DHS Network Monitoring: 4th Amendment Problems?Einstein network monitoring system, designed to spot cyber attacks, could raise privacy concerns related to Fourth amendment, Congressional Research Service says.
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An intrusion detection program that the federal government uses to protect its computer networks could raise privacy concerns under the Fourth Amendment, Congress' policy research organization said in a recent report.
In a March report, the Congressional Research Service said that the federal government's monitoring of network traffic under the Einstein network monitoring and intrusion detection and protection program could constitute unreasonable search and seizure under the Fourth Amendment, though it noted that the government has strong arguments that the program is constitutional.
Einstein, operated by the Department of Homeland Security with some help from the National Security Agency, is a cross-government effort to monitor federal networks for cyberattacks. As part of those efforts, the system monitors all communications, including federal employee communications with private citizens, which, according to the report, "may trigger Fourth Amendment guarantees to the right to be free from unreasonable searches and excessive government intrusion," despite the steps the government has put in place to mitigate privacy concerns.
[ Read DHS Advances Einstein Cybersecurity Deployment. ]
Einstein monitors and copies all network activity into and out of federal networks, including the content of emails to and from government officials' work and private emails and any communication on Twitter and Facebook. Einstein then scans the data for known malware and other attacks, and saves the data when it discovers an attack or attack vector.
The Fourth Amendment guarantees people's right "to be secure in their own persons, papers, and effects, against unreasonable searches and seizures" and was written to protect people against the government in particular. The Amendment only applies when a government act is a "search or seizure," and is unconstitutional only where unreasonable, which turns partially on whether the individual asserting that his or her rights were violated had a reasonable expectation of privacy.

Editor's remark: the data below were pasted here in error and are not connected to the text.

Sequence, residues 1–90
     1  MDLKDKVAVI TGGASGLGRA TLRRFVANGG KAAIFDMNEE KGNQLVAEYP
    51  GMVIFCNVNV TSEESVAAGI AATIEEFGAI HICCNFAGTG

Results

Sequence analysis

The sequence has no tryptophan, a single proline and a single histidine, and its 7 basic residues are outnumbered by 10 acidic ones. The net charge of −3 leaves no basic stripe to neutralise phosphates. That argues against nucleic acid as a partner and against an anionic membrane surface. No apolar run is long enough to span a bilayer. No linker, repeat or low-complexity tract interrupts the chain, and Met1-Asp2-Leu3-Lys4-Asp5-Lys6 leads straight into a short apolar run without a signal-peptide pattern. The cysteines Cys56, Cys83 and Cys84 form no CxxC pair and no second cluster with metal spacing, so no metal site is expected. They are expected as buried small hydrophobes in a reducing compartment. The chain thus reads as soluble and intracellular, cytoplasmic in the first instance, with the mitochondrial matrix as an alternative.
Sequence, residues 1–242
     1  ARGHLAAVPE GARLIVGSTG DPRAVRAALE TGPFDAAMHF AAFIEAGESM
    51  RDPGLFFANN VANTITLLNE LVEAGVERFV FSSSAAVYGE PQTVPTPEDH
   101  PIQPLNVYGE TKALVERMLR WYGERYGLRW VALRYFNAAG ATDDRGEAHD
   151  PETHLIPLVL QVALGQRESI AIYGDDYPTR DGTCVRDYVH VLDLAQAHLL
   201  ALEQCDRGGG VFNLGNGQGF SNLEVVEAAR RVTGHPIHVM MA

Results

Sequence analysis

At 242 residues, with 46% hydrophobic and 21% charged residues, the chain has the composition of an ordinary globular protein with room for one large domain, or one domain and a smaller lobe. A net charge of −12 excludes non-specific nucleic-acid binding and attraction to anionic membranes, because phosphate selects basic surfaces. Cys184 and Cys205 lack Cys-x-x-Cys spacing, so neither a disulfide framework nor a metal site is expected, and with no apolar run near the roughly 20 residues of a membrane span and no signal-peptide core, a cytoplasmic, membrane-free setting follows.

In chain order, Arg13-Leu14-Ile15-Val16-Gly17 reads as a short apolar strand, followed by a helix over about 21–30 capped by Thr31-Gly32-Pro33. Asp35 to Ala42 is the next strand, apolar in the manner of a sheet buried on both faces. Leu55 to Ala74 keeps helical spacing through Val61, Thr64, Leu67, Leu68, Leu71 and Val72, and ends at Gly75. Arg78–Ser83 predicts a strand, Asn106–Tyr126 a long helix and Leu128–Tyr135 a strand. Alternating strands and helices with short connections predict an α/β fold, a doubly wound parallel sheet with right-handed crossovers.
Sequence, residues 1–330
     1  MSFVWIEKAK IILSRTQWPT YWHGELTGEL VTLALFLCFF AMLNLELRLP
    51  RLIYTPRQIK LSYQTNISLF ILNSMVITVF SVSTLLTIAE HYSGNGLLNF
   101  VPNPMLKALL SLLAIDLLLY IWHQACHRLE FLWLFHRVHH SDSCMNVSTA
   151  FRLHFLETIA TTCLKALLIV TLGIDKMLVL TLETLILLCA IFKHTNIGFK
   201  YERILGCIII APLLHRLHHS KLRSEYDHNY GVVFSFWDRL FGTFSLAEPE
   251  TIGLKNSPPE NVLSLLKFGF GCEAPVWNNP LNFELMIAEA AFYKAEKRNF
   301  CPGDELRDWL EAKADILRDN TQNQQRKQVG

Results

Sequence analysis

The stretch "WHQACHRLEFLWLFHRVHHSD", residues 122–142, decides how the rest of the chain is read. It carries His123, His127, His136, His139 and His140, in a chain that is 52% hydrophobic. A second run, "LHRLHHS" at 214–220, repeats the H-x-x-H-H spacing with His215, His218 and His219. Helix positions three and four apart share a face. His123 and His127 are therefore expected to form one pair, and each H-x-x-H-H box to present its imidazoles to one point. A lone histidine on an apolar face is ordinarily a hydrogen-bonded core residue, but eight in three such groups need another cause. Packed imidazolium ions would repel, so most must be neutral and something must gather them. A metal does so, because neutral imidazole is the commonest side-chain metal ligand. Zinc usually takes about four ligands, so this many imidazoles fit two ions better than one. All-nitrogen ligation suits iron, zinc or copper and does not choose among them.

Although courts have found that Internet users don't have privacy expectations for the routing information of their Internet communications, which could indicate who someone is communicating with, the content of that communication is another issue altogether, and the fact that EINSTEIN actually stores that content is a cause for concern, according to the report.
The issue could be concerning from a legal perspective for both federal employees and for private citizens whose communications might be swept up as part of the monitoring effort, the report says. The Supreme Court has ruled that employers may read employees' communications if the monitoring is conducted for a "noninvestigatory work-related purpose" and isn't "excessively intrusive," but the report notes that the purpose could be questioned, and there are "reasonable argument[s]" that monitoring of all employee communications is intrusive. The report indicates that more serious concerns arise from the monitoring of private communications with the government.
Although the Obama administration has steadfastly defended Einstein's constitutionality, the program's adherence to the Fourth Amendment has been questioned in the past. As early as 2010, Brookings Institution fellow Jack Goldsmith, professor of law at Harvard Law School, wrote that the Fourth Amendment is a "significant hurdle" for the Einstein program.
More recently, this January, Constitutional rights watchdog The Constitution Project flagged concerns about whether the program might violate the Fourth Amendment, and said that future plans to expand the program and cybersecurity efforts like it could raise even further questions.
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